On Sept. 1, Chelsea Staley was named director of the Kanawha County Humane Association, a match that she believes was engineered by providence.
She started out in marketing, then channeled her considerable compassion into skilled nursing in nursing homes.
Volunteering it the animal shelter opened her eyes to a whole new outlet for her humanitarian instincts. When her nursing job took a back seat to the shelter work, she knew God had placed her where he wanted her to be.
At 34, she runs the state’s largest shelter, processing 5,000 animals a year.
Forceful, enthusiastic and exceedingly persuasive, she concentrates on animal health and adoption,
You can’t see the halo. That doesn’t mean it’s not there.
“I was born in Elkview and grew up in South Charleston. My parents got divorced when I was 3. We moved out on Thanksgiving Day.
“I had no idea what I wanted to be, not even in grad school. I was more interested in the social aspect of things. I went to WVU because of the football team.
“I majored in fashion design, merchandising and consumer sciences, a far cry from animals.
“I always loved animals. I brought home every stray pet that came my way. I’ve had dogs, cats, rabbits. I had an iguana named Bob.
“I never thought of animal welfare as a viable industry. I wanted to climb the corporate ladder and make a million dollars, that whole American dream.
“I was offered a job at McJunkin with the marketing team. To this day, Elaine Michael is the best boss I’ve ever had. She had a compassion for her employees and treated them like family, but also knew how to coach you and make you grow as an employee.
But I didn’t feel like there was a lot of humanity in selling pipes, valves and fittings to the Exxons and Chevrons of the world.
“I moved on to skilled nursing because I loved two things — animals and old people. I had a couple of grandparents in a nursing home and I felt like that’s a place I could make a difference. I loved the patients, their families. I was director of sales and marketing. It was my job to make them feel welcome when they brought their loved one to our facility. But I sadly found there wasn’t as much humanity as I wish there would be.
“Payer sources was a big goal. Medicaid for example, doesn’t pay facilities as well as, say, Humana. There are lots of people we could have helped but they didn’t have the insurance. That was troubling to me.
“In grad school, I had adopted a puppy from here. It was the Friday before Easter. I fell in love with this puppy in kennel B-17. I couldn’t pick him up until Monday because he needed to be neutered. The vet called and said, ‘There is something wrong with this dog. We have to do a parvo test.’ I spent $1,600 I didn’t have and in four days, he passed away. I was devastated.
“I was frustrated at the shelter. I said, I’m going to run that place someday. I was just mad. I didn’t mean it. Life has a funny way of placing you where you are called to be. I started volunteering.
“I started the shelter’s Facebook page. I’ll never forget how happy I was when we got to 100 people on Facebook. Now we have 70,000, I felt if no one gave a face to those animals, no one would know they were here.
“I met Cathy McClung in Kanawha City. I met her at a board meeting. She said my photos weren’t current and I should do more. I said if she wanted more photos, she should take them herself. And she did. She does a lot of volunteering.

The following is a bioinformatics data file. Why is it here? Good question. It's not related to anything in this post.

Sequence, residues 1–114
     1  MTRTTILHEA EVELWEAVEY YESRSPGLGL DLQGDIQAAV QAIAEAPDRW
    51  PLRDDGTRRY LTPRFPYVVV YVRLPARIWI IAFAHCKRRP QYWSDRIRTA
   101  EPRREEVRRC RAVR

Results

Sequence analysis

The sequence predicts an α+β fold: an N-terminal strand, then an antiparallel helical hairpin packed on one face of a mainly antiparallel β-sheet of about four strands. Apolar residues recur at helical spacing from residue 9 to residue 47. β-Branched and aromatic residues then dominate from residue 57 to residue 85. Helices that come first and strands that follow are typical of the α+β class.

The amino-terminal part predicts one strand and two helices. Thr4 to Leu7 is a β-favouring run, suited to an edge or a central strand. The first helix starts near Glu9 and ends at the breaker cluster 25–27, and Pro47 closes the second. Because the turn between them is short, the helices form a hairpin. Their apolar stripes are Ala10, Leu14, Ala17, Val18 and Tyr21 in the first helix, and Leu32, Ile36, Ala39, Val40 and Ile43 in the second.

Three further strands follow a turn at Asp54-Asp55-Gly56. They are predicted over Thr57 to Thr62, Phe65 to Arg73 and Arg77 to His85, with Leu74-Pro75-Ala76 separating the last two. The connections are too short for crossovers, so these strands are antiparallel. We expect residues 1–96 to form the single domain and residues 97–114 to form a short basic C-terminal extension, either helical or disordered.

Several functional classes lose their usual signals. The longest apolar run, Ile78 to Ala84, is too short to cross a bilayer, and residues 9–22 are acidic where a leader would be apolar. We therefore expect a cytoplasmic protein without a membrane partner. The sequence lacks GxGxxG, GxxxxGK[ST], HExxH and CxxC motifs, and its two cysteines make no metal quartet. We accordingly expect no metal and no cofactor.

“I called the executive director and tried to help them overcome their problems rather than blast them on Facebook.
“Animal health is the big thing with me. Animals weren’t being vaccinated every time they went there and there were a lot of highly fatal diseases spread through the population that are preventable.
“Every day it seemed I spent more hours on my volunteer work and became less distracted at my job.
“Cathy and I started Dog Bless, a nonprofit. Its mission is to reduce euthanasia in dogs at KCHA. That organization is entirely volunteer.
“I started here May 15, 2013, as rescue coordinator. I took a 50 percent pay cut to come here but it’s where my heart is. I would have lived in a tent to take this job.
“I would do this job every day for free if not for student loans. It’s my calling.
“On Sept 1, I officially became executive director. Just after midnight, somebody threw a cinderblock brick threw a window and robbed the place. I should have taken that as an omen to run like hell.
“When I became executive director, we had nine people, me included. Today we have 50.
“Five thousand animals a year pass through these doors, 3,500 just since I’ve been director.
“In fiscal year ’18 we saved 96 percent of dogs that come here and 87 percent for cats. The year before I stated working here, it was 8 percent.
“Our budget is about $1.5 million and 82 percent of that is private funding.
“What we learned during the flood changed who we are forever. Our community didn’t want to give up their pets. They wanted us to help them take their of their pets in the place they are in. I think that says lot about West Virginia.
“We’re shifting our focus now to people with pets in poverty, people who might just need a little help from the shelter.
“Last summer, I was diagnosed with Hodgkin’s lymphoma. I was floored. I didn’t have time for cancer.
“I was real personal about it because I felt that was my personal battle.
“I went to MD Anderson in Houston and the CAMC Cancer Center and was ultimately treated at the Cleveland Clinic. I’ve been in remission since February.
“I was worried about what would happen at the shelter while I was having treatment. It forced me to relinquish control. Now there are three people who report to me versus 10 previously.
“The big goal for me here is to build a new facility or dramatically renovate. This was not built as a no-kill facility. It was built to warehouse and euthanize animals quickly.”